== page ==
1.The Route Map states that “the degree of overweight or obesity is determined by the degree to which an individual is in positive energy balance over a sustained period i.e. energy intake exceeds energy expenditure. Therefore, a small persistent positive energy balance over a relatively long period of time can result in obesity” 
2. The Route Map states “to achieve sustained weight loss, for the majority of Scotland's population who are already overweight, requires both a change in eating habits to reduce calorie intake and an increase in physical activity. For adults, at least 60 minutes of moderate activity, such as walking, is required on most days of the week to both lose weight and maintain weight loss.” 
Although the evidence is uncertain on the best combination of services and interventions to implement locally, the evidence sources we have accessed all suggest that a range of actions tackling both diet and physical activity are required to reduce obesity. It is unlikely that change of the magnitude required could be achieved in either diet or physical activity alone. The logic models should be seen as setting out a combined multi-strand approach to reducing obesity.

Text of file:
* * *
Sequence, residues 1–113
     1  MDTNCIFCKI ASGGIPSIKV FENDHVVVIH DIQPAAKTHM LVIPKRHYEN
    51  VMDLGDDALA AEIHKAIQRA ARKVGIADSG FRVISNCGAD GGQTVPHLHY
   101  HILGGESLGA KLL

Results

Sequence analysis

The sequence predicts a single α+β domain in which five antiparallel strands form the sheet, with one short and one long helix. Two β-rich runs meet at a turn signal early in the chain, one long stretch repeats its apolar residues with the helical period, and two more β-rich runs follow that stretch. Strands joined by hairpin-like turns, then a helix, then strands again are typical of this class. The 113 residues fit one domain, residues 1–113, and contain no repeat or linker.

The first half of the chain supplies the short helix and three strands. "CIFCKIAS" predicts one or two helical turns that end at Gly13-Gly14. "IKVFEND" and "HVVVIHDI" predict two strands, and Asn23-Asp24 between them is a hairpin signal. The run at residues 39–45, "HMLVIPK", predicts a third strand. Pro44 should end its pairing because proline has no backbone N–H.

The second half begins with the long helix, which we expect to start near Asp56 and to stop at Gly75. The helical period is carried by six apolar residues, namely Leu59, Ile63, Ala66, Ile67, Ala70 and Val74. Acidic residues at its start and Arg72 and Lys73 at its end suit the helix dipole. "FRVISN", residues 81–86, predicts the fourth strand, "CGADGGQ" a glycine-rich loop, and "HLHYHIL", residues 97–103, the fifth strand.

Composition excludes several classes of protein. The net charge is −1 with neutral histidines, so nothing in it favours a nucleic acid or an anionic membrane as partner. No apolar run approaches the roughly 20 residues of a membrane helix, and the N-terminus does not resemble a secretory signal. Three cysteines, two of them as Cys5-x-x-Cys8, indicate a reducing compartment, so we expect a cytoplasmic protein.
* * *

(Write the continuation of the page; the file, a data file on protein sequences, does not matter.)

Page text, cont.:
NICE guidance on the prevention, identification, assessment and management of obesity in adults and children recommend that people should follow a range of strategies to make it easier to maintain a healthy weight by balancing ‘calories in’ (from food and drink) and ‘calories out’ (from being physically active). These include making physical activity enjoyable and building it into the working day to make it easier for people to engage in physical activity. 
WHO concluded that regular and adequate levels of physical activity in adults are a key determinant of energy expenditure, and thus fundamental to energy balance and weight control, in addition to a number of other health benefits.
The Scottish Intercollegiate Guideline Network guideline 115 on the management of obesity also recommends that prevention and weight reduction strategies should include both dietary change and promotion of increased levels of physical activity.